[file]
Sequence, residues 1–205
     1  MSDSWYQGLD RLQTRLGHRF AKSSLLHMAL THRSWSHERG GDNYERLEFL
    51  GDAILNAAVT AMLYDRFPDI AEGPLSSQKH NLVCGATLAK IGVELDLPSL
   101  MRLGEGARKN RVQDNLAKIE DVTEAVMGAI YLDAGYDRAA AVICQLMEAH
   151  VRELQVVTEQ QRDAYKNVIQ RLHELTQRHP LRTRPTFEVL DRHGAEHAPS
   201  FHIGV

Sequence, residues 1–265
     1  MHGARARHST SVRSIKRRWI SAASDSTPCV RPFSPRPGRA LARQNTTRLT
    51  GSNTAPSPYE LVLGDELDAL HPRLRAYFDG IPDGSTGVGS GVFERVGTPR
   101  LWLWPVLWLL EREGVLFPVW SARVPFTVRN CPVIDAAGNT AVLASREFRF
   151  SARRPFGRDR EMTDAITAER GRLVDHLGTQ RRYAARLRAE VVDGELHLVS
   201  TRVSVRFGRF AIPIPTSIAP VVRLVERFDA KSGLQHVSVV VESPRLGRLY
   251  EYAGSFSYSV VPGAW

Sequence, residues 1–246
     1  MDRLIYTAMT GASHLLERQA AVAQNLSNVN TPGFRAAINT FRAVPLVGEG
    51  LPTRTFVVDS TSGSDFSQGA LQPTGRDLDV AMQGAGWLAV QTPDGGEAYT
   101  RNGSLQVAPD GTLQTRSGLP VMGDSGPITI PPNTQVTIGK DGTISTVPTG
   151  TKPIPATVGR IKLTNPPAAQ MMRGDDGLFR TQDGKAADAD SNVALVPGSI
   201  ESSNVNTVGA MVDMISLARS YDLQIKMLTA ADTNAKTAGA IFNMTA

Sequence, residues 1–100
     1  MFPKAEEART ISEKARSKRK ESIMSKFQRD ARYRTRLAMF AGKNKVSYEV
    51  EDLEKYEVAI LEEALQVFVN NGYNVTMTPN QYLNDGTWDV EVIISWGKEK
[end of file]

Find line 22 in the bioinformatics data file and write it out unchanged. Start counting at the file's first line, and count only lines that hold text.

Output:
    51  EDLEKYEVAI LEEALQVFVN NGYNVTMTPN QYLNDGTWDV EVIISWGKEK